, , , , , , , , , ,

It’s no stretch to say that working for Söntés changed my life. Getting to know Tessa and her crew exposed me to a whole new way of looking at food. The idea of eating intentionally—considering the worth of each ingredient, its origin, the craft that went into growing and harvesting it, and the artistry that turned it into the dish on my plate—was completely new to me. Now, it’s one of the standards that I live by.

I love food, I love cooking, I love eating well. I love the connections it brings to the land, to the community around me, and to cultural traditions. Looking back, I can’t believe it’s only been five years since that turning point! Since then, one of my favorite ways to support good food has become the purchase of a yearly CSA subscription. In fact, the first time my family got a CSA subscription, we were so excited that we made a cheesy little video about the contents of the box. See?

“CSA,” or “Community Supported Agriculture,” is a pretty common term nowadays, but if you haven’t heard of it, no worries! Here’s an introduction for you, and the reasons why you should get one of your own.

1. Get Fruits & Veggies Weekly

Let’s face it, sometimes it’s hard to get a balanced amount of fruits and vegetables from the store—particularly tasty ones that haven’t been in cold storage for days while they were shipped from California or even Mexico. (I don’t know about you, but I can always taste that, and when I was a kid, I could rarely be persuaded to eat fruit and vegetables from the store. If they were from our garden, on the other hand, I was all for it!) By subscribing to a CSA, you ensure that your household gets a steady stream of fresh, hearty fruits and vegetables each week.

One of the big motivations for getting our own CSA box in my household is to make sure we eat enough fruits and vegetables. If they’re just sitting there, staring me in the face, I’m much more likely to stick one in my bag to take to work as a snack or lunch supplement. And, with a plethora of produce in the fridge, dinner suddenly becomes much more interesting and appetizing.

(By the way, if you’re not a big veggie and fruit fan, you can look into meat CSAs. Same principle, just with chicken, beef, pork, lamb, or goat!)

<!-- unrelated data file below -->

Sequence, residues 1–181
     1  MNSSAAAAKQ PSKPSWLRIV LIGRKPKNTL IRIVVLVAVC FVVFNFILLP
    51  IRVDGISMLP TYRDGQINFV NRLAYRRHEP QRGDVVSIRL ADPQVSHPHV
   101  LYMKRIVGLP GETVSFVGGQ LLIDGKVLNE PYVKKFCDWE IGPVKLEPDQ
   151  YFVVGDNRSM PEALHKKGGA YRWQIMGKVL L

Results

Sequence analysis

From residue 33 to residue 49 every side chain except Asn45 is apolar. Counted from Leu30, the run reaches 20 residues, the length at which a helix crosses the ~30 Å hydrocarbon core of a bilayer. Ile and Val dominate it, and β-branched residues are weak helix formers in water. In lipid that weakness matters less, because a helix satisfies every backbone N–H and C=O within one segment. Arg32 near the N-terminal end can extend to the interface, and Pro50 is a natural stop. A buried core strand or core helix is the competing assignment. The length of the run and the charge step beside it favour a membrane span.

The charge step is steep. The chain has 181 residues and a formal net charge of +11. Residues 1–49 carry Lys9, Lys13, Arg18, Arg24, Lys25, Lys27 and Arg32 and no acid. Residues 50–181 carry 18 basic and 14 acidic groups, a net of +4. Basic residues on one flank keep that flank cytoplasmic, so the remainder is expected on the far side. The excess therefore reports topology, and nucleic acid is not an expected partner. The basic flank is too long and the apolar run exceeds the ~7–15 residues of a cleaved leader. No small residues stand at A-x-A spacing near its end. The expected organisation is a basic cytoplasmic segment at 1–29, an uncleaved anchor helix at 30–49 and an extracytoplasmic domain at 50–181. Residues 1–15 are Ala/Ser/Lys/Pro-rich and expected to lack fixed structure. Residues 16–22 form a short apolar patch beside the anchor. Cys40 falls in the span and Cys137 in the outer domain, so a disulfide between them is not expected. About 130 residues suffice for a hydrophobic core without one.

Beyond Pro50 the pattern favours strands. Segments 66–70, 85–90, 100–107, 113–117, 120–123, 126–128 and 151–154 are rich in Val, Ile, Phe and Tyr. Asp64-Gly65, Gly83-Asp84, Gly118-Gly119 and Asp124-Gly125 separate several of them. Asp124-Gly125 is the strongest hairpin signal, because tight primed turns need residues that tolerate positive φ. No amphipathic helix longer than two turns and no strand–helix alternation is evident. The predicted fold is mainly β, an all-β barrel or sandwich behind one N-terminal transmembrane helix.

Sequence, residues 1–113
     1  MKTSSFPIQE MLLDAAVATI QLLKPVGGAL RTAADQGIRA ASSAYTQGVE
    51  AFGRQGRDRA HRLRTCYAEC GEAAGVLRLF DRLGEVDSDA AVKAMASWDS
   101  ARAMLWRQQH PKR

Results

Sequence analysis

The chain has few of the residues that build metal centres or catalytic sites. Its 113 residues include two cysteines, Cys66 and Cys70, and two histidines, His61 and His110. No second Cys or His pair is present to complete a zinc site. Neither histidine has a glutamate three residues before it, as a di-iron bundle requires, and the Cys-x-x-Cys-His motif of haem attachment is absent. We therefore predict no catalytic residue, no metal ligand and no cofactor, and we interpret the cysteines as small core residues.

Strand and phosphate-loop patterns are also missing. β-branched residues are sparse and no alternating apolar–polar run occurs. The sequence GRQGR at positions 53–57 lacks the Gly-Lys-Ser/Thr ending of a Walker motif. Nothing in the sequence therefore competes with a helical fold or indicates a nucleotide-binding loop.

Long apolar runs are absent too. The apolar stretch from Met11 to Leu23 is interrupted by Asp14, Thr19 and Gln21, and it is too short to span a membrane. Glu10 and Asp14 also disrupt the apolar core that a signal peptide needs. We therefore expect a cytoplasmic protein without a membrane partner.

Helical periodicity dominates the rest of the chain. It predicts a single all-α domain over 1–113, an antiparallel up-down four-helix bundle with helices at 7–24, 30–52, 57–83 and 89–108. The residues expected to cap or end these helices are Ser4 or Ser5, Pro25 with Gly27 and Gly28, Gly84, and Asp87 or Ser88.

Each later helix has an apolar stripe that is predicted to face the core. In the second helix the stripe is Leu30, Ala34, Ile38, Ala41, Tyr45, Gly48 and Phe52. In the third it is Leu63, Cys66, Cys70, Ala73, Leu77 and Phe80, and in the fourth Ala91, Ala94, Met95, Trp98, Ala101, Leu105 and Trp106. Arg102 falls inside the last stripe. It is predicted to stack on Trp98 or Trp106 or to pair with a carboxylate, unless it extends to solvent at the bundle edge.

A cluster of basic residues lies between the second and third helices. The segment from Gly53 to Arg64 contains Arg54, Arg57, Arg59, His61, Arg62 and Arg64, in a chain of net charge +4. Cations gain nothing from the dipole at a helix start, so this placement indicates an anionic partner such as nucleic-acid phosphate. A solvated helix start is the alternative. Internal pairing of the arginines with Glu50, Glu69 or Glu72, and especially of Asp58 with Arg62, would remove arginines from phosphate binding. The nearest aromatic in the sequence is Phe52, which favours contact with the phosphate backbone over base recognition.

2. Challenge Yourself to Cook Seasonally

Getting a CSA box is a great way to expand your cooking repertoire. Have no idea what to do with beets? Well, it’s beet season, and now you’ve got a bundle—better figure out how to cook them! Never heard of ramps? There’s a bunch of them sitting in your delivery box, and now you know what they are! Don’t worry, many farms with CSA programs will give you a small flier with info on the current batch of produce, often including suggested recipes. Otherwise, the Internet is your friend! I’ve become a big fan of sites like Foodily, which allows you to search for recipes by ingredient. Sit down at your computer with a list of what you have on hand, and you can easily find out what to do with it all.

One of the best things that we implemented upon getting a CSA was weekly dinner parties with our circle of friends. There was even a time when we split the cost of the CSA with another household, which meant that we got together each week to chat and divvy up the produce. It was a great way to not only afford a beautiful home-cooked dish, but connect with our friends over a shared meal.

Whether we’re concocting dinner for a group, or just for ourselves, the steadily shifting contents of our basket causes us to keep our diet in line with the season. Sure, there have been those wistful times when I realize that strawberry season is over (already??), but then I get to dive into to the next berry, or stone fruit, or squash. When winter comes around, and the CSA ceases for the year, all that really means is that I get to look forward to spring again while I tuck into the potatoes, squashes, onions, and other veggies that store well over the cold season.

(We’ve also learned a lot about preserving food for the winter—but that’s another story!)

3. Keep Your Local Small Farms Afloat

When you’re considering the purchase of a CSA, try looking into it in the late fall or early winter. Many farms begin selling CSA shares well before the growing season begins so that they can plan what they’ll plant for the year ahead. CSA subscriptions provide not only a stable source of income, but a base on which the farmers can build future crops.

You’ll usually get the best price by ordering early, too—which is good, because many farms are not set up to take payment plans, so you pay for the CSA in entirety up front. It can be spendy, but if you break it down by the number of weeks you receive a produce basket, and the amount of produce in that basket, you’ll find that it’s a very budget-conscious decision for your household.

So, not only do you get great food out of a CSA subscription, but you also support the farming community around you. Those small family farms can grow and thrive by selling their products through CSA subscriptions and farmers markets. If you love seeing those farms while driving from city to town in Southeastern Minnesota or Wisconsin, then support them by buying their wares. If a CSA subscription isn’t your cup of tea, then hit up the closest Farmers Market and stock up on your locally grown produce, foraged ingredients, herbs, eggs, music, and more. It’s truly a community event!

A number of Söntés’ vendors—like Fairview Farm and Earthen Path Organic Farmoffer CSA subscriptions, but there are many more available in the area. You can find information on local farms, farmers, and CSA subscriptions at sites like Local Harvest or the Land Stewardship Project. If you have a favorite CSA subscription, please leave a comment and let others know who you would recommend.

Happy eating!